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Ozymandias

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by

B Borain

on 7 March 2017

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Transcript of Ozymandias

Inspiration
Nature
Can you leave a mark?
Form of the poem
metaphor and alliteration
14 lines
octave (8)
sestet (6)
A
B
A
B
A
C
D
C
E
D
E
F
E
F
Popular Culture
who the poem was written for
Shelley was married to wife Mary (author of Frankenstein) and was fascinated with the treasures found during Napoleon’s conquest of Egypt in 1798. "The power of pharaonic Egypt had seemed eternal, but now this once-great empire was (and had long been) in ruins, a feeble shadow."

"Ozymandias, more commonly known as Rameses II (possibly the pharaoh referred to in the Book of Exodus). Diodorus reports the inscription on the statue, which he claims was the largest in Egypt, as follows: “King of Kings Ozymandias am I. If any want to know how great I am and where I lie, let him outdo me in my work.” (The statue and its inscription do not survive, and were not seen by Shelley; his inspiration for “Ozymandias” was verbal rather than visual.)

Stimulated by their conversation, Smith and Shelley wrote sonnets based on the passage in Diodorus. Smith produced a now-forgotten poem with the unfortunate title “On a Stupendous Leg of Granite, Discovered Standing by Itself in the Deserts of Egypt, with the Inscription Inserted Below.” Shelley’s contribution was “Ozymandias,” one of the best-known sonnets in European literature."
The Poetry Foundation
I - personal pronoun functions to frame
Size emphasized - intention - built to last
Half sunk - the desert swallows everything
Shattered face - the memory will die
The expression suggests arrogance - the poet seems to be making a comment about autocratic rulers
The sculptor read his traits and realised them accurately - mocked is neutral then = described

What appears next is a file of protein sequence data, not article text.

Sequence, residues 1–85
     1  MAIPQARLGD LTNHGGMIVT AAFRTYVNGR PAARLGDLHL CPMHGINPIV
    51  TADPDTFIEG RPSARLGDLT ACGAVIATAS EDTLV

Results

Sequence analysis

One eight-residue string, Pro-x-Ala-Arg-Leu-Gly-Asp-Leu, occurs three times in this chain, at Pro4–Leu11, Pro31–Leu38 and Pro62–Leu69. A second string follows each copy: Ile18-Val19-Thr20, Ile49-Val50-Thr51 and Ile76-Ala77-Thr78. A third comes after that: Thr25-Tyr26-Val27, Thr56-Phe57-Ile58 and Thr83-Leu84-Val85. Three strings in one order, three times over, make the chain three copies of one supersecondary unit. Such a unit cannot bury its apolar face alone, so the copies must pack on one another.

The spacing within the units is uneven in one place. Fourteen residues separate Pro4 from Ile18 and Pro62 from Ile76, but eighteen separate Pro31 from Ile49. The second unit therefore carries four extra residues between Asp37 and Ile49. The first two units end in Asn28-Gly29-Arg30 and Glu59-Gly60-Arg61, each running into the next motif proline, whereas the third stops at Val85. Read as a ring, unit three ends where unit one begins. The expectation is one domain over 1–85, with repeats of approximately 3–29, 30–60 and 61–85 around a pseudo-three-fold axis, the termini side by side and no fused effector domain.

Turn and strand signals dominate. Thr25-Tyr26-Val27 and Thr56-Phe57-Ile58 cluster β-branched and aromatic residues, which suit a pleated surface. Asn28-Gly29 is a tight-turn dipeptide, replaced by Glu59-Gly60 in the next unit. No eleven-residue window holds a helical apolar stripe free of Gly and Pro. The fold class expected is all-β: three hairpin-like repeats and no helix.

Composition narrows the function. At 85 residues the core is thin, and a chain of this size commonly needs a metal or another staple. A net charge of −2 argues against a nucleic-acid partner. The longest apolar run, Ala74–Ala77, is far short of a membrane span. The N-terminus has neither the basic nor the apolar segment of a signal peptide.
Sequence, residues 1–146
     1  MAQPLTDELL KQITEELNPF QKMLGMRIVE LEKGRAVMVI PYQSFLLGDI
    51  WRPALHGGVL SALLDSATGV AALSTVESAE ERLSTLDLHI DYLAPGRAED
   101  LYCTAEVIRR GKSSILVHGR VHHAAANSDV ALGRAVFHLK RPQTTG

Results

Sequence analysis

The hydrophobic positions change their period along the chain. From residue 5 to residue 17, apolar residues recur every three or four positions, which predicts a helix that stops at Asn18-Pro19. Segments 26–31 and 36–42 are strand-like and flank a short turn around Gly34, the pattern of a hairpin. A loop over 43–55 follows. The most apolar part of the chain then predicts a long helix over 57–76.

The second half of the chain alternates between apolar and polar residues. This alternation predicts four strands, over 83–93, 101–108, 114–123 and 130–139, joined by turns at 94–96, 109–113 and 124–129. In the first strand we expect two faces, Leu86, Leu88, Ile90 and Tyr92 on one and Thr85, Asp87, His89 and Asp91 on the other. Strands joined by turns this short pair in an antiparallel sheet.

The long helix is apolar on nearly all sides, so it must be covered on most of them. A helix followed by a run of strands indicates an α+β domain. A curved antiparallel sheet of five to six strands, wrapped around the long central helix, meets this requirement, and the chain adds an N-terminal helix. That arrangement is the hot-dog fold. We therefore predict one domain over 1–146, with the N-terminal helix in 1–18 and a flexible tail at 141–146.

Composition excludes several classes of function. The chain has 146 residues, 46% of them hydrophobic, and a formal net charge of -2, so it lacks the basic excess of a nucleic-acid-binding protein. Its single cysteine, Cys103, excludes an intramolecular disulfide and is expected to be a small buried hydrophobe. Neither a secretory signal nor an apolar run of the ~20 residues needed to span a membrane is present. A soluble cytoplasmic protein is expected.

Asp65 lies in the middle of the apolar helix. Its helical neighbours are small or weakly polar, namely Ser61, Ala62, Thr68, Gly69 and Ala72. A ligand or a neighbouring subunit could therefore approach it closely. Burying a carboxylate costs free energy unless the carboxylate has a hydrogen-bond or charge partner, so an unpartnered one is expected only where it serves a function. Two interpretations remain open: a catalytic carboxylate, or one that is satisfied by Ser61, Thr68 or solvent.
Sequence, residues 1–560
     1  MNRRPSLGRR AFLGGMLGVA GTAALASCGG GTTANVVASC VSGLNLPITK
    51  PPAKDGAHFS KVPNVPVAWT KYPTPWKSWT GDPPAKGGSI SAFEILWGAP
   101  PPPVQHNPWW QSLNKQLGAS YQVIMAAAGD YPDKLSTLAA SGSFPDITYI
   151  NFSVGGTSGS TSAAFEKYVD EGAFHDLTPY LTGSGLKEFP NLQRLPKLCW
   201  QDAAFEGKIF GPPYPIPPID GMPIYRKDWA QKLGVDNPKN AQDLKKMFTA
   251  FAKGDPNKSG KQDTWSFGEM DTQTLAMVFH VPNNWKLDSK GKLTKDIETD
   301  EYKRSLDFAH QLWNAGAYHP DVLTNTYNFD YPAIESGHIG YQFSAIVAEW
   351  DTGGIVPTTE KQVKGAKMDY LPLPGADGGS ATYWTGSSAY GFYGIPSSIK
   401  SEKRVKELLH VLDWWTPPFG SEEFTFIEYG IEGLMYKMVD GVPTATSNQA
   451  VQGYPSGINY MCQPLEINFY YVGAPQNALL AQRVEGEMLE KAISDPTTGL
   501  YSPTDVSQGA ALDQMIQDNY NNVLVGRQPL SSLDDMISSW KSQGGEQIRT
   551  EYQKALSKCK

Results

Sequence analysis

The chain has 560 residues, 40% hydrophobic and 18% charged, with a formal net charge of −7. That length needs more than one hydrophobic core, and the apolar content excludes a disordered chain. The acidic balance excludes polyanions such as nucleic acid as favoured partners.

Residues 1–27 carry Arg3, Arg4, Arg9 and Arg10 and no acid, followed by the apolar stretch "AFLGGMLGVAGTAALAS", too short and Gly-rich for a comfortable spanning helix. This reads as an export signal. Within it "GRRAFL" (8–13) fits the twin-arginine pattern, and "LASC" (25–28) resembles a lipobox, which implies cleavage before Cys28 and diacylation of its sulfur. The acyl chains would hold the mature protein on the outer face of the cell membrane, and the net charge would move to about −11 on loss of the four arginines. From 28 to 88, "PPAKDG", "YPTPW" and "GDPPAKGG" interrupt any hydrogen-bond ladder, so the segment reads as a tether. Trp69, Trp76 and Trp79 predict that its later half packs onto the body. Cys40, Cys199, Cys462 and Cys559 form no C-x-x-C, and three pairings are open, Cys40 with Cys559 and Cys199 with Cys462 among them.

heart that fed - the Pharoah is arrogant and assume he is immortal. His heart (ego perhaps) feeds off of his subjects.
also, the artist is fed by his art
ironic inscription - he is laid to waste - decay, colossal wreck
"Ozymandias" is a sonnet in iambic pentameter. It is a mix of the Petrarchan/Italian Sonnet and the Shakespearean Sonnet.
Petrarchan Sonnet:
fourteen-line poem attributed to the great Italian poet Petrarch.
It has an octave (8 lines) and a sestet (6 lines).
The octave often proposes a concern that the sestet resolves.
The first line of the sestet marks the change in direction of the poem - the "turn" (the volta).
Rhyme scheme of the octave: ABBA ABBA
Rhyme scheme of the sestet is more flexible; two of the most common are CDCDCD and CDECDE.
The Shakespearean or English sonnet has fourteen lines too, but is structured as a series of three quatrains (of four lines each) and a concluding couplet (consisting of two consecutive rhyming lines). The Shakespearean sonnet is in iambic pentameter and follows the rhyme scheme ABAB CDCD EFEF GG.

Shelley's sonnet is a strange mixture of these two forms. It is Petrarchan in that the poem is structured as a group of eight lines (octave) and a group of six lines (the sestet). The rhyme scheme is initially Shakespearean, as the first four lines rhyme ABAB. But then the poem gets strange: at lines 5-8 the rhyme scheme is ACDC, rather than the expected CDCD. For lines 9-12, the rhyme scheme is EDEF, rather than EFEF. Finally, instead of a concluding couplet we get another EF group. The entire rhyme scheme can be schematized as follows: ABABACDCEDEFEF.

schmoop.com
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